“Because of high traffic volumes during the day, we performed the work at night,” said Guthrie. “We collected both acoustic impact-echo data and chaining data to enable direct comparisons of the methods. Taking something from controlled laboratory conditions to making maps of bridges in the field required a significant engineering effort . . . Our equipment had to roll over many miles to complete the project and automatically recorded and algorithmically processed thousands of impacts.”
And what did the team learn? “Unfortunately, it seems like water as an impactor is limited in exciting modes associated with deep delaminations in concrete,” said Mazzeo, despite its success with shallow delaminations. “Water was a good starting point. However, we are moving forward with some other impactors.”
Mazzeo and Guthrie’s research then turned toward solid materials. Paintballs presented an interesting medium. Their surface is tensile relative to water droplets, and their liquid inner spheres led the pair to posit that excitation could be realized and measured with a degree of confidence for deeper defects in the concrete. Concurrently, the team began to develop new computer algorithms for analyzing the acoustic impact-echo data they were generating.
Brigham Young University laboratory set-up for paintball experiment. The pellets were fired from the suspended gun and their impacts were picked up by ultrasonic microphone (right of picture, taped to the crossbeams).
“There is a lot of work to be done on quantitative interpretation of impact data,” said Mazzeo. “[Some] signal processing magic is required to take acoustic responses and estimate damage. We want to make sure that the maps we generate are verifiable and reliable.”
The pair utilized a section of decommissioned bridge deck, which had been in place since 1937 and recently removed from I-15 in Utah. This platform was ideal, as it presented with naturally occurring delaminations at several levels. Paintballs were then dropped gently (so as to remain intact) onto both the decommissioned deck surface and a control surface from a few inches, while their impacts were recorded by an ultrasonic microphone and subsequently analyzed. Analysis showed that there was more resonant energy associated with impacts on the delaminated surface than on the intact surface.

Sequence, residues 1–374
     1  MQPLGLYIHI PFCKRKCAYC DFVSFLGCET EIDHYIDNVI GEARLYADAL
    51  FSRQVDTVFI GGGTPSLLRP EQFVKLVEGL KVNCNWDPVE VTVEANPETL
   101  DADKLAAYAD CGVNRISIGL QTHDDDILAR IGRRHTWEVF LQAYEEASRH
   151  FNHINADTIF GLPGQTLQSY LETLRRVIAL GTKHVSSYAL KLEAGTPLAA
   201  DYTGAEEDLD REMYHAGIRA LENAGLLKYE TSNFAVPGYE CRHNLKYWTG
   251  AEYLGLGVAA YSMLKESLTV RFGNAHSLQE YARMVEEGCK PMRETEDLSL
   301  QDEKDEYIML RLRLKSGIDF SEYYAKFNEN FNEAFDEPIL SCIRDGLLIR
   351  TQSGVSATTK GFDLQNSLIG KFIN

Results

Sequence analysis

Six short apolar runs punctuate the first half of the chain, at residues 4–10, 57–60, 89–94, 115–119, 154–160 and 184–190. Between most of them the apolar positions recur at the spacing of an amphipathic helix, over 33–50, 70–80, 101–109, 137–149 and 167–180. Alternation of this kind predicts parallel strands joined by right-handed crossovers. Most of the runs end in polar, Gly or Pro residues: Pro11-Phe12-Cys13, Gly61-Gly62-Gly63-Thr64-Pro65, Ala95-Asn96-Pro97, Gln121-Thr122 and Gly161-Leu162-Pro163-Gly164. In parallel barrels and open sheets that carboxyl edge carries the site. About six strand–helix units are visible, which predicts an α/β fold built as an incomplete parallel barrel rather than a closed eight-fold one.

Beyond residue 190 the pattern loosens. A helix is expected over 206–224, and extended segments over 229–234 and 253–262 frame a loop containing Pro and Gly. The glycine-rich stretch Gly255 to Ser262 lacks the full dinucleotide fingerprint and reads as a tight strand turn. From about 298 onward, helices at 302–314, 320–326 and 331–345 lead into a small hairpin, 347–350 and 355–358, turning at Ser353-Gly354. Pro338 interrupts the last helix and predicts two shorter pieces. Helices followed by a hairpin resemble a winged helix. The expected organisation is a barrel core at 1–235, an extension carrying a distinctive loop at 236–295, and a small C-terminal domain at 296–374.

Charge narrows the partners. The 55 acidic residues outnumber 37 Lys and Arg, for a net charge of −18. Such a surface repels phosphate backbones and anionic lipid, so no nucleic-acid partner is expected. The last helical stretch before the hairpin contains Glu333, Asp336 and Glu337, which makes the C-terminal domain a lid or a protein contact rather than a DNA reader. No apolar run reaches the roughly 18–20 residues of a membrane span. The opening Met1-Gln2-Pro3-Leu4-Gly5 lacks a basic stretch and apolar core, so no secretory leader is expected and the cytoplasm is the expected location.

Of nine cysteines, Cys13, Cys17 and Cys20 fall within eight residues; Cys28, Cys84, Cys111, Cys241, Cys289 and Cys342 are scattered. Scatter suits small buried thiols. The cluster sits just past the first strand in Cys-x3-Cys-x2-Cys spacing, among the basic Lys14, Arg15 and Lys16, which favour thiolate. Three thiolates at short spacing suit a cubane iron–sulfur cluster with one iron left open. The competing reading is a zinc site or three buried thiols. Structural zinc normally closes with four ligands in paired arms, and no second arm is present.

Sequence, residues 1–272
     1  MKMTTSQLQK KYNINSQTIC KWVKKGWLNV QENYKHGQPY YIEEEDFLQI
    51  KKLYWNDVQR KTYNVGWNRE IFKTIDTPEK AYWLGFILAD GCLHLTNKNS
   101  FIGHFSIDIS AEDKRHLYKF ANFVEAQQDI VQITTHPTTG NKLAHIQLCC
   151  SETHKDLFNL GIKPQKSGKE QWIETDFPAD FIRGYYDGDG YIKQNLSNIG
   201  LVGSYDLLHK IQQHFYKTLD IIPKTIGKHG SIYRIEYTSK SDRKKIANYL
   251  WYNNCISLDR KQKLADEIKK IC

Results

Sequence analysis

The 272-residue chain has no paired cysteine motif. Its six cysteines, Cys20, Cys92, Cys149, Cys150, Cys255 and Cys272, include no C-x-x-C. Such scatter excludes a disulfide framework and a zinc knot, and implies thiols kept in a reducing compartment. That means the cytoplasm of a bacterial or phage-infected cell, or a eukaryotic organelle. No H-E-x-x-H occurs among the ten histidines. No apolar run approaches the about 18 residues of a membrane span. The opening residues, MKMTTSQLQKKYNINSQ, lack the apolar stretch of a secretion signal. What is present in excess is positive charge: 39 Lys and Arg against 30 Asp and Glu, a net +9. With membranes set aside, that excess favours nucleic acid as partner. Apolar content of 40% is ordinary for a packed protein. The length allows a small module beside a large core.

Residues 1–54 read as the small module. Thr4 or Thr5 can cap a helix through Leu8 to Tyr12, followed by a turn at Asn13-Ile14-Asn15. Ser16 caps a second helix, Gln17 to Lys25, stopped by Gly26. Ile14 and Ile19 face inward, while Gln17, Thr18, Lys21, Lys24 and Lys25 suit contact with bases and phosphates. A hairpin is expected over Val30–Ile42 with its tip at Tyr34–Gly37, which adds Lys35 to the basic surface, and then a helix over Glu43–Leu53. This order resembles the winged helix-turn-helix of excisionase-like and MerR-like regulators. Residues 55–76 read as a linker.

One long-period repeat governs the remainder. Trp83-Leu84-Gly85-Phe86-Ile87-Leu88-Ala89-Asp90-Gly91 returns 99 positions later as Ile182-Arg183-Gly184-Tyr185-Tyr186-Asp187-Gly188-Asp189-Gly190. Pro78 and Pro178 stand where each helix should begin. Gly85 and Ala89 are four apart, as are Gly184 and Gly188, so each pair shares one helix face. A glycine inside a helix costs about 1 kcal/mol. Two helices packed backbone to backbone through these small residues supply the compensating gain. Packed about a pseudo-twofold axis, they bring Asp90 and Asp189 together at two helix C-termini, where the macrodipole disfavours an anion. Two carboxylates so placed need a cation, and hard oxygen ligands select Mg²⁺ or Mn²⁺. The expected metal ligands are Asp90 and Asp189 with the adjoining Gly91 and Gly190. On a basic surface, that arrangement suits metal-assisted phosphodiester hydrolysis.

Need for speed
“We were particularly interested in the ability to dispense paintballs in rapid succession and thereby enable rapid testing,” said Guthrie. “We performed many tests in the laboratory and have also had the opportunity to conduct limited investigations in the field.”
Thus, a second series of experiments were undertaken whereby paintballs were impacted rapidly (via a gun) and with force enough to rupture their membranes. Results showed that the acoustic impact recording was mitigated by the room-echo sound of the gun firing, renewing the researchers’ acknowledgment that impact response is influenced by several factors, including speed, the mass of the substance and the impact ratio.
“We wanted to investigate the parameter space involving high-speed impacts [with] the paintball approach,” said Mazzeo, adding wryly, “As you might imagine, it also turned out to be quite a bit messier than one might hope for a technology to be deployed on bridges in the field.”
A comparison of low-velocity paintball impact spectrograms; image A (left) shows the impact result on intact concrete; and image B (right) shows the result on delaminated concrete. The scale is in dB. Note the significant change in the low register reading in image B.
While the data from both sets of experiments suggests that the application of paintballs does generate impact-echo responses commensurate with the existence of delaminated areas within concrete, Guthrie said, “further research is needed to more fully develop this particular application.”
The public dimension
So, why focus their research on this particular area in the first place?
The public dimension, said Guthrie, was, and remains, a major propeller of their cause. “A significant challenge affecting bridge-deck condition assessment is minimizing the impact of the testing on the traveling public. Many assessment methods require physical testing of the deck, which necessitates inconvenient lane closures that inevitably cause delays in traffic. We have made deliberate efforts to increase the speed of data collection while still allowing appropriate resolution, and our goal is to increase the speed to the point that data collection without lane closures may be possible in many instances.” Additionally, environmentally benign impactors were an attractive aspect to the work, due to their ability to be dispersed readily, not require retrieval, and not be a danger to the travelling public.
With the ultimate goal being large-scale deployment of automated scanning technologies, Mazzeo and Guthrie continue to press forward in their research, seeking alternative substances and methods to “bridge” their theories of inspection methodology from the controlled environment of the laboratory to the bridges and byways of Utah—and eventually countrywide.
“Developing an automated impact-echo testing device is an important objective of our research,” insisted Guthrie. “We will absolutely continue to study [these] methods and their applications to concrete bridge-deck management.” R&B